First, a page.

Deflategate: Tom Brady’s suspension will likely stick this time

A divided U.S. Court of Appeals panel upheld NFL Commissioner Roger Goodell's four-game suspension of Tom Brady for his involvement in "Deflategate," the label given to the New England Patriots' use of under-pressurized footballs in the AFC Championship game against the Indianapolis Colts in January of 2015.

The two-judge majority concluded that the commissioner had acted within his broad authority under the agreement between the league and the players to determine the appropriate level of punishment for conduct the commissioner considered "detrimental to the integrity of, or public confidence in, the game of professional football." The majority further found that the commissioner's determination "drew its essence" from the agreement.

New England Patriots’ Tom Brady
Getty Images
New England Patriots’ Tom Brady

In delivering their verdict, the judges wrote: "[W]e do not consider whether the punishment imposed was the most appropriate or whether we are persuaded by [Goodell's] reasoning. In short, it is not our task to decide how we would have conducted the arbitration proceedings, or how we would have resolved the dispute."

The court's ruling makes it far more likely that the commissioner will have virtually unfettered authority under the current contract between the league and the players to impose punishment without fear of meaningful review of his disciplinary decisions. It is only far more likely, rather than dead certain, because it is possible that other federal courts of appeal will apply these principles differently in future cases involving NFL discipline. Further review of this case is unimaginable. An eight-member Supreme Court has other things to do.

The result may be final, but that doesn't make it fair. Neither the agreement nor federal labor law gave the commissioner unlimited power. One example shows how the court of appeal's ruling insufficiently constrained the commissioner's disciplinary power.

The court majority recognized that Brady was "entitled to notice of his range of punishment." Brady's main challenge to the suspension was that he was not on notice that his limited participation in deflating the balls, even if true, could lead to anything more than a fine of several thousand dollars. That is the punishment the collective bargaining agreement — which the commissioner supposedly interpreted — imposes for a player's use of stickum, a substance a player used to enhance his grip on the ball.

"Further review of this case is unimaginable. An eight-member Supreme Court has other things to do."

The commissioner ignored this stickum policy in evaluating Brady's punishment — he didn't even mention it. Instead, the commissioner compared some level of participation in deflating a ball to a player's direct use of steroids to inflate muscles. Both acts, said the commissioner, reflect "an improper effort to secure a competitive advantage in, and threaten the integrity of, the game." That justified similar punishment for both offenses.

Huh? At the highest level of generality, there is some conceivable similarity between even the most extremely different cases or concepts, but this was a serious reach. The commissioner's failure to distinguish or even to mention in his ruling the situation most apparently similar to the one he was reviewing suggests that all that mattered to him was justifying his own disciplinary call.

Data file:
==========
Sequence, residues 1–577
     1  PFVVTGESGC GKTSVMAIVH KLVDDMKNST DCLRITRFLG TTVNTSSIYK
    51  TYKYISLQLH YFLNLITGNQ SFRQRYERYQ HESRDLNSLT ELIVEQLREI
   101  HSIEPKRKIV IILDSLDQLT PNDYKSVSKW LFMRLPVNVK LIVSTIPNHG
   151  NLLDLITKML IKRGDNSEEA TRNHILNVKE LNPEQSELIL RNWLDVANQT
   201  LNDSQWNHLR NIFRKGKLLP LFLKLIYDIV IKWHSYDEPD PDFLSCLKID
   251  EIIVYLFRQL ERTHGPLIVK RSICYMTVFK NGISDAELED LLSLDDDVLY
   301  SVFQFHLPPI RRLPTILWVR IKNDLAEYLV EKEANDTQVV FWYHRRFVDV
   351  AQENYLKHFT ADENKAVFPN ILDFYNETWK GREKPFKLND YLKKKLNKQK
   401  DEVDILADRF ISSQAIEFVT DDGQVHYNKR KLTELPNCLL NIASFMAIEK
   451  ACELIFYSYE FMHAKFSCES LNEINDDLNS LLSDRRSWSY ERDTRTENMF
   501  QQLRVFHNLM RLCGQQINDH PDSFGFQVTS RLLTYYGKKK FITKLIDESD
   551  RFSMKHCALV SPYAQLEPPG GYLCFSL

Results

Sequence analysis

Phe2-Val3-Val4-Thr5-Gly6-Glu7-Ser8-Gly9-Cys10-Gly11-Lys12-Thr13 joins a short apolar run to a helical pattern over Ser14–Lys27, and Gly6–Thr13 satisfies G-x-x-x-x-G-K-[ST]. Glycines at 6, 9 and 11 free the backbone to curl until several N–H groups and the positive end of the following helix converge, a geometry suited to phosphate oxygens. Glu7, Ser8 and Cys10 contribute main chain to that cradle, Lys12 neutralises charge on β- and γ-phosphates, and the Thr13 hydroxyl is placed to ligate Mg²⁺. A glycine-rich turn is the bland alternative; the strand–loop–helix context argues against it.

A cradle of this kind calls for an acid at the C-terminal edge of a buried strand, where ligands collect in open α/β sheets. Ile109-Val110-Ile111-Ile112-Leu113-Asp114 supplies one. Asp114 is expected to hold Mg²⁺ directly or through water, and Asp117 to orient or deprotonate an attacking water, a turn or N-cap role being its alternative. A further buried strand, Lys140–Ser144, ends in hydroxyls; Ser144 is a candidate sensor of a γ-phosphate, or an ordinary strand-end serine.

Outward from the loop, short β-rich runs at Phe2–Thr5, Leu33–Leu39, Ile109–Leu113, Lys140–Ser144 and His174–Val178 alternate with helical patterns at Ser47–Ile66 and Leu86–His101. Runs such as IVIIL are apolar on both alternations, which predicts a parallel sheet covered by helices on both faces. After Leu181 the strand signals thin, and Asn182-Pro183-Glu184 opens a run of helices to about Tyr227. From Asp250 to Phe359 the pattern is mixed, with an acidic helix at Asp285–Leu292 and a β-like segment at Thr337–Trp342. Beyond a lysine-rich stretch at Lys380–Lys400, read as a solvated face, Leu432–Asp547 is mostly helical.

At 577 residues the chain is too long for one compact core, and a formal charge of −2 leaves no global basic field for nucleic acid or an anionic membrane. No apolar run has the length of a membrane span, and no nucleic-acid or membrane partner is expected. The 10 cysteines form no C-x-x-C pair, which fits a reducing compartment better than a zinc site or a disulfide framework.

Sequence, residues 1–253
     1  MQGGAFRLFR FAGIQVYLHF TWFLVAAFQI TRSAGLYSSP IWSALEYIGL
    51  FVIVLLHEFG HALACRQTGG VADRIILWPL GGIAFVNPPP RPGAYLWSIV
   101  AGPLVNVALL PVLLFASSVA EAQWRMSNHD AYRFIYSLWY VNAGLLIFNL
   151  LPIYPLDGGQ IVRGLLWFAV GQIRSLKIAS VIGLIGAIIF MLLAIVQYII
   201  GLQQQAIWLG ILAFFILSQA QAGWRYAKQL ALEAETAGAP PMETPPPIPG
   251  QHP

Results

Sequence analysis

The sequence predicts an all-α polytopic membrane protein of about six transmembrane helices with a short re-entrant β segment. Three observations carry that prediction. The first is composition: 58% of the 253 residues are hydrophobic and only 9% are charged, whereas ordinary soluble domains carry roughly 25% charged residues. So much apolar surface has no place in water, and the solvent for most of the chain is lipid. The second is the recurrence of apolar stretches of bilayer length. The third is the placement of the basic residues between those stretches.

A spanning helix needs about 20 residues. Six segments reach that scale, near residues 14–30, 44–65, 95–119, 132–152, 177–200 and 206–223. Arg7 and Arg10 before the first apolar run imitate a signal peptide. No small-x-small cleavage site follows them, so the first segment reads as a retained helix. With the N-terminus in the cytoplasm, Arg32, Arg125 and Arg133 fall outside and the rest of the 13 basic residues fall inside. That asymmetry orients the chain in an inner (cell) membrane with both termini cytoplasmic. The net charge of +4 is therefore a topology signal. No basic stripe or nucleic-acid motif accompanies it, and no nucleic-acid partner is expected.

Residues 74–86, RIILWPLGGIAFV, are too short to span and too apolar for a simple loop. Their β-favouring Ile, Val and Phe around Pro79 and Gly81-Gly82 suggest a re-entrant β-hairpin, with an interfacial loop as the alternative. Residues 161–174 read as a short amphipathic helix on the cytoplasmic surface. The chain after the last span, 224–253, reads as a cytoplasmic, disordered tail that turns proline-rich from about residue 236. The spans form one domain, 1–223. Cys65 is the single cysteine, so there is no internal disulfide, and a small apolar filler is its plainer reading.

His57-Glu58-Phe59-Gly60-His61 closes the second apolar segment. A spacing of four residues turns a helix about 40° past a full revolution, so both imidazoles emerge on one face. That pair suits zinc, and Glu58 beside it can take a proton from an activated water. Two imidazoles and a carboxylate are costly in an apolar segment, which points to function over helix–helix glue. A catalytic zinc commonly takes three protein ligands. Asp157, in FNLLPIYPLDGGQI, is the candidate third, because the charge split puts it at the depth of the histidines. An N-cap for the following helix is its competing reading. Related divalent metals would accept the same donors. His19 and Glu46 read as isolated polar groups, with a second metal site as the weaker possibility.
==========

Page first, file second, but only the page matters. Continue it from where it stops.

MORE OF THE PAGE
The court majority dismissed this as "much ado about very little because the commissioner could have imposed the same suspension without reference to the League's steroid policy." True, but the commissioner did refer to the steroid policy. The dissenting judge was right that the commissioner thereby confirmed that, rather than exercising his duty to interpret the collective bargaining agreement between the parties, the commissioner was imposing "his own brand of industrial justice." The law prohibits that. This was not a "pure sports question," as the majority said it was. It was a question of law. That's what courts do.

This was only one of several serious flaws in the commissioner's suspension ruling. The Wells investigative report found that Brady was "at least generally aware" that Patriots staff was deflating balls. The commissioner transformed that finding of general awareness into a conclusion that Brady induced and rewarded the deflation of the footballs by giving the responsible staff valuable memorabilia. Close enough, said the appeals court.

The Court of Appeals ruling is not a vindication of Commissioner Goodell, nor is it a conclusive indictment of Tom Brady. The decision came down to how much deference the judges owed Commissioner Goodell in issuing his unprecedented punishment of one quarterback for his particular conduct in this particular game. "It is ironic that a process designed to ensure fairness to all players has been used unfairly against one player," said the dissenting judge. Future justice will come only in future cases from changes in the process worked out at the bargaining table.

Commentary by Dan Eaton, a partner with the San Diego law firm of Seltzer Caplan McMahon Vitek, where his practice focuses on defending and advising employers. He also is a professor at the San Diego State University College of Business Administration where he teaches classes in business ethics and employment law. Follow him on Twitter @DanEatonlaw.

For more insight from CNBC contributors, follow @CNBCopinion on Twitter.